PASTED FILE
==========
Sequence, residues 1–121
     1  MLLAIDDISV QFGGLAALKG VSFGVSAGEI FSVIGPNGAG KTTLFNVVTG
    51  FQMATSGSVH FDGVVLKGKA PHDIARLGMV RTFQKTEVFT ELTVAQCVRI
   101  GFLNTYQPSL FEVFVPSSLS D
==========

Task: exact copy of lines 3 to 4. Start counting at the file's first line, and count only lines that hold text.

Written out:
    51  FQMATSGSVH FDGVVLKGKA PHDIARLGMV RTFQKTEVFT ELTVAQCVRI
   101  GFLNTYQPSL FEVFVPSSLS D